The Emerging Markets Report

Published September 14, 2020 | 2 min read

The Emerging Markets Report is a new monthly report where our experts sit down and discuss current trends, investment strategies, and government policies in emerging markets around the world. This month, Adam Cole, RBC’s Chief Currency Strategist, sat down with our three emerging markets strategists, Daniel Rico, Alvin Tan and Dasha Parkhomenko, to discuss quantitative easing in emerging markets.

Quantitative Easing (QE) is in the relatively early stages in emerging markets, who is doing QE and how are they doing it in your region?

Latin America

  • In Latin America, several Central Banks have implemented QE type measures in order to provide ample liquidity to stabilize the FX and credit markets.
  • Colombia and Chile started with modest QE programs, while Brazil changed the legal framework in May to allow for QE.
  • More recently, the discussion has focus on using Pension Funds resources as direct transfers to spenders while providing explicit government guarantees.
 

Asia

  • In Asia, Indonesia has been on the forefront of unconventional monetary policy, with Bank Indonesia purchasing government debt directly.
  • The consequence has been a weaker Indonesian rupiah in the third quarter after strong gains in the second quarter.
  • The Philippines has also been undertaking QE, though primarily through the secondary market. India too has dabbled in unconventional policies, though the RBI has not yet launched a QE program.
 

Europe and Africa

  • In EMEA, countries such as Turkey, South Africa, and Poland have introduced QE-type measures.
  • Poland has had one of the largest bond-buying programs across EM since the COVID-19 crisis started (~4.5% of 2019 GDP since the announcement in March).
  • In South Africa, the SARB has been strongly against QE to fund the government’s deficit, but if the country does not address its fiscal and growth issues, then questions/market concerns about whether the SARB will be forced to step in with a more aggressive bond-buying program are likely to rise.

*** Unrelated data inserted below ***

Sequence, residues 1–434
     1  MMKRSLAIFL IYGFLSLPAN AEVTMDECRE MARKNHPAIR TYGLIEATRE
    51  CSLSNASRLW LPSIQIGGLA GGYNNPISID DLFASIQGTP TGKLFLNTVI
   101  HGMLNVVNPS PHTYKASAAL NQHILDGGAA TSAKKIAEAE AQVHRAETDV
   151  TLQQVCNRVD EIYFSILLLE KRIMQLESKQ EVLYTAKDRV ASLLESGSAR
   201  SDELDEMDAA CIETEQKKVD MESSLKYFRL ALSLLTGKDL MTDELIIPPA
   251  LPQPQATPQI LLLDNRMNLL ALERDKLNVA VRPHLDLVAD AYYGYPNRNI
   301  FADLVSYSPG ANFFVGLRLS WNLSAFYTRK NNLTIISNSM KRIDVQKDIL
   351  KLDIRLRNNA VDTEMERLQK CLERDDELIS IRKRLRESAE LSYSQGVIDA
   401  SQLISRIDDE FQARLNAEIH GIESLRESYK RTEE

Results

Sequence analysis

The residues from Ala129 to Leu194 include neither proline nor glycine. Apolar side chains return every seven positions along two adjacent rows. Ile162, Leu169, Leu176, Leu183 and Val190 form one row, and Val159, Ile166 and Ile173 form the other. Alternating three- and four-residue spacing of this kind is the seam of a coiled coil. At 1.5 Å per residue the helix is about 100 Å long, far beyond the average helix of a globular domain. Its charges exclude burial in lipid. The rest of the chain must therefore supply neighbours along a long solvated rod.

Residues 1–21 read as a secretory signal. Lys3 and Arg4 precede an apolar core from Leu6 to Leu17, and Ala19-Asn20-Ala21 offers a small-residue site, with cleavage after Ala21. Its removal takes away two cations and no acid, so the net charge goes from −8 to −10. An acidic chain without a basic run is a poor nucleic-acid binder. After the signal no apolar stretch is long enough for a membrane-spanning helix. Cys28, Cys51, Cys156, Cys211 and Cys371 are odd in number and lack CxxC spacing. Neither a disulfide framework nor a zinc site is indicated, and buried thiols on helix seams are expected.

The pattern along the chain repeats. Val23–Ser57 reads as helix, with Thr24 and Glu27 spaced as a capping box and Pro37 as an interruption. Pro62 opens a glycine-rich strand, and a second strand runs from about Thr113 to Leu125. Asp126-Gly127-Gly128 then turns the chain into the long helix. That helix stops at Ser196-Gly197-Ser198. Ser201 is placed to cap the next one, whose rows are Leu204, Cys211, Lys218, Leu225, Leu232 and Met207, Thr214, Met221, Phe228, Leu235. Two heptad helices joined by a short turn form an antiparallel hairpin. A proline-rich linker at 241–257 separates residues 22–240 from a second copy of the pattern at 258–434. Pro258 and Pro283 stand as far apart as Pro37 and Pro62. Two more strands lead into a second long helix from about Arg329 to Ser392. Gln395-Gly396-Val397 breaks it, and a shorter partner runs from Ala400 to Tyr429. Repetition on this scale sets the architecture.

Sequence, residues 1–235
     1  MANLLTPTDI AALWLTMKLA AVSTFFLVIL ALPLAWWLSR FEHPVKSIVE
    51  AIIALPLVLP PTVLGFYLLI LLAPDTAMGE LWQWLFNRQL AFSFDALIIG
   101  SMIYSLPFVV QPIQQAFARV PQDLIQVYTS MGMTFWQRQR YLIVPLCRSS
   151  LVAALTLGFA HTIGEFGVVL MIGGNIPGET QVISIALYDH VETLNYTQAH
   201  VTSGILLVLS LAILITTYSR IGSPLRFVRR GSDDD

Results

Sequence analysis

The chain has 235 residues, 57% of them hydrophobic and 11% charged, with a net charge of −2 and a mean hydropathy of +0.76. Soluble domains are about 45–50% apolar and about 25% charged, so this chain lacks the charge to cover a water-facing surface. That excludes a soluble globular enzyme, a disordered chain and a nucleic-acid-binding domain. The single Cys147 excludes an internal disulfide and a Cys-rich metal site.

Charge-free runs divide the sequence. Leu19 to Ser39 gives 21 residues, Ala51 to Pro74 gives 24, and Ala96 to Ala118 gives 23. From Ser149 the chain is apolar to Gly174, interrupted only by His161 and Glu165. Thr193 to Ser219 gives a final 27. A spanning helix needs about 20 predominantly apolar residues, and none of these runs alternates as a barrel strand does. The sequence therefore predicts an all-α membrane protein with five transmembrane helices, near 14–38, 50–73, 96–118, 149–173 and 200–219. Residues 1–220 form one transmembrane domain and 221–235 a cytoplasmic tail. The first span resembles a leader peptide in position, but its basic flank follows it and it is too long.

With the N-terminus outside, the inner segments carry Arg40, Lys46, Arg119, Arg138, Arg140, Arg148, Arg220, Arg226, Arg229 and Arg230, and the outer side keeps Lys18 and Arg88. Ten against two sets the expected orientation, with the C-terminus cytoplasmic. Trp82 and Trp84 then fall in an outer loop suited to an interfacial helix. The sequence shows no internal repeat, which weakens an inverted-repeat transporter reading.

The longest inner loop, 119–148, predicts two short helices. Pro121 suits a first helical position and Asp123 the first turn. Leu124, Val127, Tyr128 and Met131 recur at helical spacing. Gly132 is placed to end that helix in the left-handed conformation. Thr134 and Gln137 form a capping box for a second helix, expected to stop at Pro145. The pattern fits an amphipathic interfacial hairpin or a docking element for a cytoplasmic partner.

What opportunities do you see for QE in the future? How do you think it will play out for currencies?

Latin America

  • This time not only Central Banks had to cut rates and inject liquidity into the markets either by buying Treasury or Corporate bonds or expanding liquidity facilities, but governments had to implement direct cash transfers to their citizens.
  • This year these stimulus have been funded by increasing international and local debt issuances or multilateral financing
  • However, the problem is, how sensitive the economic recovery of these countries will be to the necessary fiscal adjustment.
  • In our view, QE in EM and specially in Latam has opened a Pandora box that similarly to DM will be very hard to close and governments will have no other option except to continue to rely on Central Banks intervention for years to come.
  • Latin America countries will continue to face pressures on the exchange rate while the Central Banks will be forced to keep expanding the monetary base.
 

Asia

  • Indonesia's QE experiment has generally been seen as positive, with Indonesian bond yields declining and the rupiah holding onto most of its second quarter gains.
  • Bank Indonesia has policy credibility among foreign investors, though that reputation could start to wane if BI's "burden-sharing" arrangements were to continue well into next year.
  • India is likely to be the next Asian central bank to pursue QE. India’s limited fiscal space and elevated inflation have narrowed conventional policy options.
 

Europe and Africa

  • Despite the large scale of the bond-buying program in Poland, the Polish zloty has been quite resilient.
  • We think there are three potential factors behind its resiliency – (a) the program has been in coordination with the country’s fiscal response, (b) Poland will benefit from the EU Recovery Fund, and (c) June & July activity data releases have surprised to the upside.